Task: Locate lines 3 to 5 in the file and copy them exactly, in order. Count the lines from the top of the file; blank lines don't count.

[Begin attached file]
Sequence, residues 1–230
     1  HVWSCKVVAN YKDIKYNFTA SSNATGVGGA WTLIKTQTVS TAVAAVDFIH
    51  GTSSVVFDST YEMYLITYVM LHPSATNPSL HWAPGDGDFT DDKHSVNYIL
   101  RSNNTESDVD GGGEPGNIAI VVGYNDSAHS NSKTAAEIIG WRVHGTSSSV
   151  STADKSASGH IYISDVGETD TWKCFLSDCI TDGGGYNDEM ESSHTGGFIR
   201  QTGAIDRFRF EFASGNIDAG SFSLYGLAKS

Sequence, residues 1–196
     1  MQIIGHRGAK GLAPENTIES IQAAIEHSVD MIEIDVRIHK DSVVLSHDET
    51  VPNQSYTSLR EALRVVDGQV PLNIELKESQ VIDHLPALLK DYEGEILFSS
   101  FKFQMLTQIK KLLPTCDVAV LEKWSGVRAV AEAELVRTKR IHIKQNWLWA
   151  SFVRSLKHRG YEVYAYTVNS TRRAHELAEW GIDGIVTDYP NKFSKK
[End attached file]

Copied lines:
    51  GTSSVVFDST YEMYLITYVM LHPSATNPSL HWAPGDGDFT DDKHSVNYIL
   101  RSNNTESDVD GGGEPGNIAI VVGYNDSAHS NSKTAAEIIG WRVHGTSSSV
   151  STADKSASGH IYISDVGETD TWKCFLSDCI TDGGGYNDEM ESSHTGGFIR